This production by Suffolk County Community College stands shoulder-to-shoulder with any professional show. If at any given moment you are not laughing yourself into a fit, please check your pulse, because you may have dropped dead.
    This has been Dan Tomasik, reviewing The Foreigner for Obligatory Radio Station.

  8. rewrite

    Does too much of a good thing exist in comedy? When do you know if it’s too much? If you asked the likes of comedy legends Chris Farley and Sam Kinison… well….you wouldn’t get an answer for obvious reasons. They never had one and they passed away because of it.
    This debate is renewed with the Suffolk County Community College’s production of Larry Shue’s the Foreigner. Set in Tighman County, Georgia, the awkward Englishman Charlie Baker and English army Sergeant “Froggy” LeSueur arrive at the Fishing Lodge Resort run by an adorable elderly woman, Betty Meeks. When LeSueur’s misguided attempt to help his tongue-tied friend backfires and Meeks’s is led to believe Baker is an exotic foreigner, the hilarity ensues.
    Hesitant at first, Baker soon blossoms in this outsider role, quickly befriending the unhappy Southern belle Catherine Belle and her simply brother Ellard Simms, with whom Baker establishes the timeless misfit friendship. At their first breakfast together, the two engage in a twenty-minute improv comedy show complete with call-and-response actions, solo cups as grenades and the two using their knives like light-sabers.
    Michael Fales’ physical comedy as Baker in this production is marvelous, but the shear amount of it seemed indulgent. His silly movements, gestures, and adlibbed gibberish, though wonderfully executed, were perpetuated for no other reason than they couldn’t miss. At close to three hours, the overuse of this humor took away from its fundamental strength, the novelty. This is not to take away from the SCCC production, which included a period appropriate set design, involved special effects and sound as well as a talented cast. Undoubtedly, this show was proof it isn’t about the name on the company, instead, the ones that are inside it. Just remember for next time SCCC, you had us; there’s no need to be so insecure. We all laughed. You know what, we all still would.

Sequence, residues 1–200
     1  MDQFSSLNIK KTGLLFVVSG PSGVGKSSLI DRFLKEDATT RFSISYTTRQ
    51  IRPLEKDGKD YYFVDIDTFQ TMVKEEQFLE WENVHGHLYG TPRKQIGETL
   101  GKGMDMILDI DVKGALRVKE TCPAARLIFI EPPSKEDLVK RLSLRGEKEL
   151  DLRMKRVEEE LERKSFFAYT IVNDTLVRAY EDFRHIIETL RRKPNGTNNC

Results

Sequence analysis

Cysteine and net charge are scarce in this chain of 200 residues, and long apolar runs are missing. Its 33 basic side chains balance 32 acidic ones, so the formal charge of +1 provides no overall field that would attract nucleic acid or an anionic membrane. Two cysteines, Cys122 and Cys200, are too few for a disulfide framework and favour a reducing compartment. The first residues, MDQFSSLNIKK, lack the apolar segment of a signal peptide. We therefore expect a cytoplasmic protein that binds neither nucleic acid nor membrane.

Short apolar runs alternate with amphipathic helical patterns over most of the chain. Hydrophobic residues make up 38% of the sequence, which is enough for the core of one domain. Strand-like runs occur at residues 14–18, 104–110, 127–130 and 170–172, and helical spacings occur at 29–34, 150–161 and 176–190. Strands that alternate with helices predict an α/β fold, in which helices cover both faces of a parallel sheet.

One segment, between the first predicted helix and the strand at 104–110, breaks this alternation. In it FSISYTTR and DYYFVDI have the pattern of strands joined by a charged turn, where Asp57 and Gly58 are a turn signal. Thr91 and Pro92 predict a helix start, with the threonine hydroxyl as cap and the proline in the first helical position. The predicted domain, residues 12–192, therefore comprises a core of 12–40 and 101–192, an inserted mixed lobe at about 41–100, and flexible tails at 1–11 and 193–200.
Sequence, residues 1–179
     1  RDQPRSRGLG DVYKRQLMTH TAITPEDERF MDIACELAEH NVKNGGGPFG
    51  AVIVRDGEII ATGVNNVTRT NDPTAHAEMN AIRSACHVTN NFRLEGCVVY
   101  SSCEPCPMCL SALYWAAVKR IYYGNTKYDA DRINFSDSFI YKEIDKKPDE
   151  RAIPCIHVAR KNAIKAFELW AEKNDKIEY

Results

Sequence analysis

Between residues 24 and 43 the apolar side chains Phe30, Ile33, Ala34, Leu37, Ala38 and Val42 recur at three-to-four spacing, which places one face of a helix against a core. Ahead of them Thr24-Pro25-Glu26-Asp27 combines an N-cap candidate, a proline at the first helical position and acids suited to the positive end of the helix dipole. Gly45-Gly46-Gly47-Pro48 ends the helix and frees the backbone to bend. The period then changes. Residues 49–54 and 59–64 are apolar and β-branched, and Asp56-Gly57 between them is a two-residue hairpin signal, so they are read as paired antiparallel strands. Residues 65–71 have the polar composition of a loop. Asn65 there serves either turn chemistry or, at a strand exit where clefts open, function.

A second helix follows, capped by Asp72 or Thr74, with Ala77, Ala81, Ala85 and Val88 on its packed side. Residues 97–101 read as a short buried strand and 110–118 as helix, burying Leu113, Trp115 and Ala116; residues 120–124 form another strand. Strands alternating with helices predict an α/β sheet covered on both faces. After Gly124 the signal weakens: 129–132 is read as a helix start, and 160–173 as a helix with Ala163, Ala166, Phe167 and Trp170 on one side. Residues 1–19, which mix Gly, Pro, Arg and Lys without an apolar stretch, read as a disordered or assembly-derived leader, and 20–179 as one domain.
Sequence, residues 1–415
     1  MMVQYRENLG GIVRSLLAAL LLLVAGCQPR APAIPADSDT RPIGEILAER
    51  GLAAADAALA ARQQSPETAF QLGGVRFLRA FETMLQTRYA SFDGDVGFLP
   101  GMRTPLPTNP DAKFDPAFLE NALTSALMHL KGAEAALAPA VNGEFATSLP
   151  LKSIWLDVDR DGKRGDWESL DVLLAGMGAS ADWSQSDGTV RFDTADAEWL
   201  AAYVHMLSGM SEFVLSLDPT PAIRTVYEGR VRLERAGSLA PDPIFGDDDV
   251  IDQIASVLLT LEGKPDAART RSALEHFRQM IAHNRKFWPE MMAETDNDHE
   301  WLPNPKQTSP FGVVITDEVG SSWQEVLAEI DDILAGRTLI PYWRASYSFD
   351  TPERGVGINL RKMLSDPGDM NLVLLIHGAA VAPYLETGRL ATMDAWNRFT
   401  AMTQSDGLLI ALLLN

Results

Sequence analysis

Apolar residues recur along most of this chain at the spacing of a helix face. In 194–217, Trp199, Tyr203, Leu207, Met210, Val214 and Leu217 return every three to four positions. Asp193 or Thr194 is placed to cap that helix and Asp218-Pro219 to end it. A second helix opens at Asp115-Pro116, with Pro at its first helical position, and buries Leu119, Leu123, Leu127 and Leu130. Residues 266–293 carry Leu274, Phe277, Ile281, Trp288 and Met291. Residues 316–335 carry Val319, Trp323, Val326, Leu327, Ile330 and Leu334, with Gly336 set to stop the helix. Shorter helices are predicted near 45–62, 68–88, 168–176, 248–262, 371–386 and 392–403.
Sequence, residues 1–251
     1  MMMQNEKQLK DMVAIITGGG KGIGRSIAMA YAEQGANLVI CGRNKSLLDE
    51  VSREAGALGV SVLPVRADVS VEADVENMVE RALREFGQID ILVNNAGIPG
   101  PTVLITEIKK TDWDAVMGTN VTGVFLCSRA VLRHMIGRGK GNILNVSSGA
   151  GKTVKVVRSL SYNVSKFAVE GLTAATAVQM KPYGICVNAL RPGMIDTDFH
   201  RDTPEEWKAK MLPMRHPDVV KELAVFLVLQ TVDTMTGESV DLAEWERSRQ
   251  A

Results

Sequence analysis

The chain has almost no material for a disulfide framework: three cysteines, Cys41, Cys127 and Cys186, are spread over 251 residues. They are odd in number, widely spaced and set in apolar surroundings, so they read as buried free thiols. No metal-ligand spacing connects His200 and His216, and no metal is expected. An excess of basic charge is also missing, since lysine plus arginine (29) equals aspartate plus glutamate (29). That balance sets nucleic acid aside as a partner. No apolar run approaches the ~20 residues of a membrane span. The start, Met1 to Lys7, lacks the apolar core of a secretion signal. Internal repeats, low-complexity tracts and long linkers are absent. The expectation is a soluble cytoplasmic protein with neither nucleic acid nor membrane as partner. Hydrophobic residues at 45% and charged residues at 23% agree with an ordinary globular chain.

9. A Foreign Pinocchio- Rewrite
    By Samantha Norton
    It started out with one lie, then another, and then another—and with each fib, Pinocchio’s nose grew and grew. While Charlie Baker’s nose didn’t grow like Pinocchio’s did, that didn’t mean his lies didn’t snowball out of control.
    For some the art of deception is foreign—but when you’re in the same vicinity as a demolition expert, a Klan member, an elderly woman, and even a “foreigner”—deception may be your only key to getting away without telling the truth.
    Larry Shue’s The Foreigner, which was performed at the Cape Cod Community College, begins with a single white lie. For the characters of The Foreigner, lying is the easiest way to get what they desire most.
    Staff Sergeant “Froggy” LeSuer, played by Jack Weppler, forces his friend, Charlie Baker to live a lie by having Charlie pretend that he is a foreigner and cannot speak a single word of English. Charlie, played by Michael Fales, not only convinces those around him of his lie, but he starts believing this lie is responsible for giving him the personality he is desperately seeking.
    But with every lie, there are consequences. As Charlie finds himself buried deeper and deeper in the lie, it not only puts him that much further away from the truth, but those around him begin to question his authenticity. While Charlie has Betty Meeks, and brother and sister Catherine and Ellard Simms, convinced of his unique heritage, others are not as easily persuaded.
    Characters David Lee and Owen Musser see the flaws in Charlie’s act and they make it their mission to catch him in his web of lies—but Charlie is always one step ahead.